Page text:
We had to send my son to daycare by the time he was 3 months old.
My wife got 4 weeks of maternity leave, and then used 4 weeks of vacation to extend it to two months.
I had saved up 4 weeks of vacation/personal time as well, so I took over staying home once my wife had to go back to work.
At 3 months, we started taking our son to a friend who was looking to get into daycare (she was a stay-at-home mother with 3 daughters, and our son was the only one there besides her daughters). It was a pretty decent arrangement, since she agreed to minimize our son's exposure to TV (her daughters watched it during the day), and he got a fair amount of interaction (both she and her daughters doted on him).
The only downside seemed to be that my son developed a fascination with blonde girls :P
However, at 5 months, the friend decided to accept a job offer, leaving us stranded. Fortunately, we found an in-home daycare run by a woman who had both a license as an in-home daycare provider (with attendant prerequisite training), and excellent recommendations from a friend who had sent 2 of his daughters to her for years.
So at 5 months, our son went to a daycare with 7-9 children, all but one of whom were significantly older (the ages ran from 4 months to 5 years at the time).
More than 2 years later, my son is still there, and we're quite happy with the arrangement (aside from a few minor bumps that result from interactions with children of parents that aren't as engaged, or who have some significantly different perspectives on parenting techniques than we do).
Social Interaction My son has established friendships with quite a few children there over time. While the roster of kids attending changes (some outgrew it, some moved, other new kids came in to take their place), two of the children there now are ones who were there when he started, and he's adjusted very well to the others leaving. Generally, I have to say that my son is far more social than either I or my wife. I was shy, even as a kid. My son is most decidedly not. He has also learned how to share; not to hit, push, or bite; and how to take turns. I have seen much older children who don't have the level of mastery of these skills most of the kids in the daycare have.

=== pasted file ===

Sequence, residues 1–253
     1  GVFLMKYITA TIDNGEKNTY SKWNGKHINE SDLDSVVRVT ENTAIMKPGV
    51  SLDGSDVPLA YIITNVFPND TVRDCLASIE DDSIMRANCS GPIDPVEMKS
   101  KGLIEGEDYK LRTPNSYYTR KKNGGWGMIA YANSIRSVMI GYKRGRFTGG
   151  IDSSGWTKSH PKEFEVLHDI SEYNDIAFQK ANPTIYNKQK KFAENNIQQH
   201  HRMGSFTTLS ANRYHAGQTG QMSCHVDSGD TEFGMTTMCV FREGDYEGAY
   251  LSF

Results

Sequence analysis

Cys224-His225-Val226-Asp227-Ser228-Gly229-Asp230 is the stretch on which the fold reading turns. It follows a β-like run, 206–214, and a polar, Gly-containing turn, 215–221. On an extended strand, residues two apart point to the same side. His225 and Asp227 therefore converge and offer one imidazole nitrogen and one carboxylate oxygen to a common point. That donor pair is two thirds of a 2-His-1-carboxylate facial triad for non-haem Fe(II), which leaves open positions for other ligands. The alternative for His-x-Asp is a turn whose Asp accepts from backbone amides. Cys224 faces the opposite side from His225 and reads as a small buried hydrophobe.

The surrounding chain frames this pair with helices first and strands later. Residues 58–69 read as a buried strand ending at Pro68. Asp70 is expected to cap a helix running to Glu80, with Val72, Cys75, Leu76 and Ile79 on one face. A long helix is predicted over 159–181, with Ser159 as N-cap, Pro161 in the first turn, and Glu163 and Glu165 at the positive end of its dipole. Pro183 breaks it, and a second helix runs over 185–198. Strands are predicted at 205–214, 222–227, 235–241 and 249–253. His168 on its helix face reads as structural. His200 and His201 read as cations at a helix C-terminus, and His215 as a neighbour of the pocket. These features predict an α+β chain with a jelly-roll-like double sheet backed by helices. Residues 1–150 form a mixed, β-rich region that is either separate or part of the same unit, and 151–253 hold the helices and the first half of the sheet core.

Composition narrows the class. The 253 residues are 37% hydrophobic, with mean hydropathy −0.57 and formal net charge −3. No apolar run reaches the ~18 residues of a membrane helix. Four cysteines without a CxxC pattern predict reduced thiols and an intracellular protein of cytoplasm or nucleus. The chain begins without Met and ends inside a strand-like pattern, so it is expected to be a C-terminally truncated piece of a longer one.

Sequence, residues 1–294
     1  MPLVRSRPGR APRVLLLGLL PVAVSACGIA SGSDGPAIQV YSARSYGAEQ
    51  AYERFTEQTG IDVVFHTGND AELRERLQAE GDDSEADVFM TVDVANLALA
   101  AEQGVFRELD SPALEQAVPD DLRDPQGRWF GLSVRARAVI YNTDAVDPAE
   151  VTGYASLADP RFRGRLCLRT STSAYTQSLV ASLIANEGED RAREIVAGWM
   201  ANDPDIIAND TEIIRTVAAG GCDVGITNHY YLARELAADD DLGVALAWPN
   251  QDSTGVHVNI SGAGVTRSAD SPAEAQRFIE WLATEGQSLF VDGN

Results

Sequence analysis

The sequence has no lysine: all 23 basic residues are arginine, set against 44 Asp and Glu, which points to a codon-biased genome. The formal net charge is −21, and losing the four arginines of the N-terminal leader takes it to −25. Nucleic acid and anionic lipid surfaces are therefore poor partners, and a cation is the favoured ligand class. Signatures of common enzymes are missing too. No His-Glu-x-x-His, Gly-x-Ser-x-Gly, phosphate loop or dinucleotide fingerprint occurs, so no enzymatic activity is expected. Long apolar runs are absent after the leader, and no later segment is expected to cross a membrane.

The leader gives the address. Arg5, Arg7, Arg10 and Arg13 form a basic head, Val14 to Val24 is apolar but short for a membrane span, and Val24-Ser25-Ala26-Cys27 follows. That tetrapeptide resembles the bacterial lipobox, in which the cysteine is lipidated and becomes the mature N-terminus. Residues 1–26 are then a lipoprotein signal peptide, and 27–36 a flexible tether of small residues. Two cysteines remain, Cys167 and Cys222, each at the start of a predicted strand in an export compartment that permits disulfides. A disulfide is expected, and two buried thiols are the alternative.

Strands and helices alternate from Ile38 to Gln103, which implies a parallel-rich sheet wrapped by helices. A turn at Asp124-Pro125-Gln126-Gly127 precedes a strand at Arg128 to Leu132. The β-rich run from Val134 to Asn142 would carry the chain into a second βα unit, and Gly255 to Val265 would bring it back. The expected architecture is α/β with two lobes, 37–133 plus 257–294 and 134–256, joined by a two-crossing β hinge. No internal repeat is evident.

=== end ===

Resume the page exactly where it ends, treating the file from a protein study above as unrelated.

Health This one is questionable, but I have heard this repeated from many other parents. When we first started my son in daycare, he got sick. A lot. Every cold, flu, or other nastiness (including a bout of hand, foot and mouth disease that wound up knocking me out for 4 days!) that was going around... my son caught it. Many of them seemed to start in the schools, get transmitted to kids in daycare from older siblings, and then get to my son. This lasted for most of the first year. Now, however, my son rarely gets sick. Supposedly this will help him resist a lot of the stuff going around once he gets into school, too. However, I'm skeptical.
Nutrition Oddly enough, our son eats much better at daycare than he does at home. He is a very picky eater for us. At daycare, though, he apparently eats whatever he's given (and our daycare provider prepares homemade meals for the kids old enough to eat solid foods). I suspect peer pressure plays a part in this.
Lack of control We simply don't have the level of control over his environment that we would if he were home, even if we had a baby sitter. Despite our resolutions when planning our parenting strategies, he does watch TV (it runs in the background at daycare, and kids periodically bring in DVDs of their favorite movies/shows). He does get exposed to other influences that we don't love (one boy, now gone, had some behavior problems that included words that aren't generally appropriate for that age, and had a grandmother who spanked him in front of my son).
Cost Our daycare is a fraction of the cost of what we'd be paying at other daycares within our area, and the cost is still significant.
Schedule We lose a bit of flexibility in our schedule. We have to drop him off between certain times, and pick him up before 5p.m. (although we have asked in the past for a little flexibility from our provider for specific circumstances; not all daycares will allow this, though, and many charge exceedingly steep "fees" for picking up outside of normal times). Since we're reliant on a single provider, for days where she is sick or has a vacation, we have to make other arrangements (sometimes on short notice).
Not all daycare providers are the same. For that matter, neither are all babysitters.
You have to do your research, and check references (this is very important; try to at least talk to some people who have brought their kids to the daycare before committing, if at all possible). Also check to see if the daycare is licensed and insured,
In our area, almost every daycare is full, and most use a waiting list system. Frequently they will limit the number of enrollments by age bracket, so even if there is an opening, your child may be too young or old for that particular spot. It isn't uncommon to have to wait over a year for an opening.
Going earlier, rather than later, may have some additional benefits. It makes it easier to drop them off in the morning, since they become used to it at an early age. We rarely have any problems with my son becoming upset about going to daycare, and if he does complain, we simply point out that he'll get to see his friends, at which point he says "oh, yeah!" and becomes enthusiastic.